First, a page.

China bars for-profit tutoring in core school subjects

Aim is to reduce burden on family finances, students; news sparks sell-off in shares of tutoring firms

Students leaving a school in Wuhan after finishing the National College Entrance Examination last month. China's for-profit education sector has been under scrutiny as part of Beijing's push to ease pressure on school children and reduce a cost burde
Students leaving a school in Wuhan after finishing the National College Entrance Examination last month. China's for-profit education sector has been under scrutiny as part of Beijing's push to ease pressure on school children and reduce a cost burden on parents that has contributed to a drop in birth rates.PHOTO: AGENCE FRANCE-PRESSE

SHANGHAI • China is barring tutoring for profit in core school subjects to ease financial pressures on families that have contributed to low birth rates, news that sent shock waves through its vast private education sector and share prices plunging.

The policy change, which also restricts foreign investment in a sector that had become essential to success in Chinese school exams, was contained in a government document widely circulated on Friday. The news was confirmed by Xinhua news agency yesterday, citing a State Council notice.

The move threatens to decimate China's US$120 billion (S$163 billion) private tutoring industry and triggered a heavy sell-off in shares of tutoring firms traded in Hong Kong and New York, including New Oriental Education and Technology Group and Koolearn Technology Holding.

All institutions offering tutoring on the school curriculum will be registered as non-profit organisations, and no new licences will be granted, according to the document, which says it was distributed by China's State Council, or Cabinet, to local governments and is dated July 19.

More than 75 per cent of students aged from around six to 18 in China attended after-school tutoring classes in 2016, according to the most recent figures from the Chinese Society of Education, and anecdotal evidence suggests that percentage has risen.

China International Capital Corp said the rules are "tougher than market expectations, and we expect material impact on future business and capital market activities".

The pressure for children to succeed in an increasingly competitive society has given rise to the term Jiwa, or "chicken baby", which refers to children pumped with extra-curricular classes and energy-boosting "chicken blood" by anxious parents.

Existing online tutoring firms will be subject to extra scrutiny and after-school tutoring will be prohibited during weekends, public holidays and school vacations, the document said.

Curriculum-based tutoring institutions would be barred from raising money through listings or other capital-related activities, while listed companies would be banned from investing in such institutions, according to the document.

China's for-profit education sector has been under scrutiny as part of Beijing's push to ease pressure on school children and reduce a cost burden on parents that has contributed to a drop in birth rates. In May, China said it would allow couples to have up to three children, from two previously.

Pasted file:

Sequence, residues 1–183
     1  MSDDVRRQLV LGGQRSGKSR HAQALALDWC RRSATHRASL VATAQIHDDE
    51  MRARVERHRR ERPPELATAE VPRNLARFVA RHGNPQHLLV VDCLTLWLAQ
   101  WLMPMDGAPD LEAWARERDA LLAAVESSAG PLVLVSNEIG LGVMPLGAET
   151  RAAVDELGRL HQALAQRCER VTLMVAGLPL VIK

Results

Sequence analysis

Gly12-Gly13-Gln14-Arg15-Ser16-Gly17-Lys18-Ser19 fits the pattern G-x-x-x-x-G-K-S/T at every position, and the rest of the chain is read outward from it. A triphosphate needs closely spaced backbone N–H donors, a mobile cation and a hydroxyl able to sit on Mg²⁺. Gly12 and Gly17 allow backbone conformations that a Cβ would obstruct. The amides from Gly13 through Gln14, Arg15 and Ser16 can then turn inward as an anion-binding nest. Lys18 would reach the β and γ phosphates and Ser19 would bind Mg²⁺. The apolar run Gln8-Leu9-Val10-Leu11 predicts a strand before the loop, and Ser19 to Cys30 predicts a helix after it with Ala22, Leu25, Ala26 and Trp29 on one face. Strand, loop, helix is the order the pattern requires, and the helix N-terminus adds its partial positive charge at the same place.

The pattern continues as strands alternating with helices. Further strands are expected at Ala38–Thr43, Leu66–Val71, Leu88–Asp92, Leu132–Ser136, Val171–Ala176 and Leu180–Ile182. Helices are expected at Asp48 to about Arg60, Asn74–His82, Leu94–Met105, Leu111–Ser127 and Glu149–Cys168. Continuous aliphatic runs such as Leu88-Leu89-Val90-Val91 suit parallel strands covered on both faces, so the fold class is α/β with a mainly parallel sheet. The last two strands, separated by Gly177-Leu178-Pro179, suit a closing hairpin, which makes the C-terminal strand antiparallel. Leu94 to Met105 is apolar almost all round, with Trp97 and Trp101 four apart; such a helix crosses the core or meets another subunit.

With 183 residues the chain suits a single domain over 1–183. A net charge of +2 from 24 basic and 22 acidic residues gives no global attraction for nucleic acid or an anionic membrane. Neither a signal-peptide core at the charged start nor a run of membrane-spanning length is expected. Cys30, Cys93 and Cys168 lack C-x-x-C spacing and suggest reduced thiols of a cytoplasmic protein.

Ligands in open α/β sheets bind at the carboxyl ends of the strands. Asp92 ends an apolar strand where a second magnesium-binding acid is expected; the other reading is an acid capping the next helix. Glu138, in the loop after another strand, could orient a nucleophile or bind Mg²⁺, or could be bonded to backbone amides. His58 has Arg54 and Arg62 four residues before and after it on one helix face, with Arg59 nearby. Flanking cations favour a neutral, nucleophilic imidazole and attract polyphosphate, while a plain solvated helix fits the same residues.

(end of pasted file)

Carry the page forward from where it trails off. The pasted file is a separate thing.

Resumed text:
The policy aims to reduce burdens on students and family finances "effectively" within one year and "significantly" within three, the document said.

  • > 75%

    Proportion of students aged from around six to 18 in China who attended after-school tutoring classes in 2016, according to the most recent figures from the Chinese Society of Education, and anecdotal evidence suggests that percentage has risen.

Three sources told Reuters last month that the crackdown is being driven from the top. Last month, Xinhua quoted President Xi Jinping as saying schools, rather than tutoring firms, should be responsible for student learning.

The new policy would also bar foreign investors from investing in China's curriculum-based tutoring businesses through mergers and acquisitions, franchises, or variable interest entity (VIE) arrangements, according to the document.

VIEs are a commonly used structure to circumvent rules restricting foreign investment in certain industries. Those that have already violated the rules must make corrective measures, it added.

The policy change slammed US-listed Chinese Internet stocks, with Alibaba and Baidu each down about 4 per cent as investors worried about increased regulation by China's government.

The rules threaten the listing ambitions of numerous venture capital-backed education firms, including Alibaba-backed Zuoyebang, and online education platforms Yuanfudao and Classin, both backed by Tencent.

A broad crackdown on China's massive Internet sector has already rattled investors and saw Beijing launch a data-related cyber security investigation into ride-hailing giant Didi Global just two days after it raised US$4.4 billion in a New York initial public offering.

REUTERS

A version of this article appeared in the print edition of The Sunday Times on July 25, 2021, with the headline 'China bars for-profit tutoring in core school subjects'. Subscribe